From the Desk of John Harney: A Pillar of the Game

John J. Harney is an assistant professor of history at Centre College in Danville, Kentucky. His new book, Empire of Infields: Baseball in Taiwan and Cultural Identity, 1895-1968is available now.


A Pillar of the Game

Oh Sadaharu had one of the most impressive playing careers in all of world baseball, and became a truly transcendent figure in Japanese baseball. He hit 868 home runs in his career, the most by any professional on the planet. He also established a mass array of records, setting Nippon Professional Baseball (NPB) records in RBIs (2,170), OPS (1.080), home runs in a single season (55) and many more. His most successful period came as a linchpin on the Yomiuri Giants (sometimes known in the West as the “Tokyo Giants”) team that won nine titles in a row from 1965 to 1973: Oh batted third, just before his prolific big-hitting teammate Nagashima Shigeo. The “Oh-Nagashima Cannon” formed the centerpiece of the Giants’ dominance.

Success inevitably brought stardom. The Giants, in the orange and black of the New York Giants they emulated, were in the process of becoming the “Yankees” of Japan. A founding team of professional Japanese baseball, playing in a national capital at the center of the dramatic “miracle” of Japanese economic growth in the 1960s and 1970s, the Giants accumulated stardust. Never was this more true of their star player. Oh was distinctive on the field, sporting his “flamingo” style batting stance, one foot dangling in the air with his leg at close to a ninety degree angle, waiting to drive down into the swing. And of course, he could hit.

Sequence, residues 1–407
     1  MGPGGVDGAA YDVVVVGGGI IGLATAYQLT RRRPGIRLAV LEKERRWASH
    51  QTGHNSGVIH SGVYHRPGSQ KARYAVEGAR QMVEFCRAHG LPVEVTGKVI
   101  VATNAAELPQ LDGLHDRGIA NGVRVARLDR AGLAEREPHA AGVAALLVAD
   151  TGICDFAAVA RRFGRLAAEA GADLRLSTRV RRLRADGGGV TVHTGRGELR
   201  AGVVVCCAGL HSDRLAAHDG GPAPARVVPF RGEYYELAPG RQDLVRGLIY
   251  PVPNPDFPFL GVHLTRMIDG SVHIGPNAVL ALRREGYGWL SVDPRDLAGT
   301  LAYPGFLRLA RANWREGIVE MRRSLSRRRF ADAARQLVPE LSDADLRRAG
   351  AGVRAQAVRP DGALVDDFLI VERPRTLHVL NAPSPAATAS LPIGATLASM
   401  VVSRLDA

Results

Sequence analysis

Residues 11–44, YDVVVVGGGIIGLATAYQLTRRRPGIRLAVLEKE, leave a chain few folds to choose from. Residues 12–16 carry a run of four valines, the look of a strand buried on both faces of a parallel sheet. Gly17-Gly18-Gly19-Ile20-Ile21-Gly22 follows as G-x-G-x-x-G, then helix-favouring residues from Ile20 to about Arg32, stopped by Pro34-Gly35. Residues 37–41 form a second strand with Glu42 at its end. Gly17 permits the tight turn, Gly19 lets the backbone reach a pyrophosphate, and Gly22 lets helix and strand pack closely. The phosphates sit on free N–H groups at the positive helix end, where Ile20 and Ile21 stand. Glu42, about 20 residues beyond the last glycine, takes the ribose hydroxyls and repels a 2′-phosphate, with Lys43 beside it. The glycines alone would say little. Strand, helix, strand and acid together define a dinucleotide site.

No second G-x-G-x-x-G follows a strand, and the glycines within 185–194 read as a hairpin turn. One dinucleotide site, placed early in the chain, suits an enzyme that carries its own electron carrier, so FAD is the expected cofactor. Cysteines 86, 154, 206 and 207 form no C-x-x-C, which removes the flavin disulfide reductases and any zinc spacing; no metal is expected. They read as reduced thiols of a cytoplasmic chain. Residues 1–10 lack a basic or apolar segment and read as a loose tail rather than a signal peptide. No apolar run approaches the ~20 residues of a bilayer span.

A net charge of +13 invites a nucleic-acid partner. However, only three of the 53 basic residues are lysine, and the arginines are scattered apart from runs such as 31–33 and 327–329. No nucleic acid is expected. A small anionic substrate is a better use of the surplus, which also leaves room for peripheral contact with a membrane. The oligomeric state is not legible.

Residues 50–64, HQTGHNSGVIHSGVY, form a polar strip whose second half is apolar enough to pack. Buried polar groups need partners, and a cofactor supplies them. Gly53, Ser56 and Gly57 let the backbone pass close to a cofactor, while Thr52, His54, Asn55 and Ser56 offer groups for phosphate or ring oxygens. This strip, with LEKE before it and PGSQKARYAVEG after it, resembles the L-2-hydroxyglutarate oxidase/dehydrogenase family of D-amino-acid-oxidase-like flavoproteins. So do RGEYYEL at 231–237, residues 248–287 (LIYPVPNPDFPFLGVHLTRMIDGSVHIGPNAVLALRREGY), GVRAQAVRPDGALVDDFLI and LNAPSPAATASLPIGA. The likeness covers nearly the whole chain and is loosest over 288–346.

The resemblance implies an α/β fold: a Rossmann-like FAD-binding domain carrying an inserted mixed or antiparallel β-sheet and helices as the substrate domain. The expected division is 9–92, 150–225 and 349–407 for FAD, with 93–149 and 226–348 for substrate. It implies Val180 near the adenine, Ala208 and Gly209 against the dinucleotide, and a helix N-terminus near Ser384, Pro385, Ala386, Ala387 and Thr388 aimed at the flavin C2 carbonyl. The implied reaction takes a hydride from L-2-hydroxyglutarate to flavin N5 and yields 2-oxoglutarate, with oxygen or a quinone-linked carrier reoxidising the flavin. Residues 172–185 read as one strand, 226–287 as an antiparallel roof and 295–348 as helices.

This unique approach was tagged by some as Oh’s “Waseda style,” learned during his years at Waseda Jitsugyo High School under his coach Arakawa Hiroshi, who would go on to coach him as a professional.  The name bore significant weight in East Asian baseball thanks to the school’s namesake, Waseda University, one of the original Japanese collegiate baseball giants and founding members of the “Big Six” in 1926. Oh understood being part of a historical narrative of Japanese baseball, and went on throughout his career as player and manager to play the part, from dashing young superstar to a wise teacher and boss in the dugout.

It may not seem such a hardship, performing the role of the greatest Japanese player in Japan’s favorite sport—but Oh’s life was quite a bit more complicated than that. The son of a Japanese mother and Chinese father, Oh struggled for a time to be seen by some of his compatriots as truly “Japanese,” living with discrimination as a teenager in particular. Nor was his Chinese identity terribly clear cut either: Oh held a passport issued by the Republic of China (ROC), the government that controlled most of mainland China at the time of Oh’s birth in 1940 but that by 1949 had lost the Chinese Civil War to Mao Zedong’s communists and had retreated to the island of Taiwan. Relations between Taiwan and Japan in the postwar period were complicated: both were staunch anti-communist allies of the United States, but Japan’s actions during World War II, when Japanese troops had rampaged through northern China and arguably dealt a killing blow to the ROC’s ability to effectively run the country, were not easily forgotten, certainly not by the ROC’s leader, Generalissimo Chiang Kai-Shek.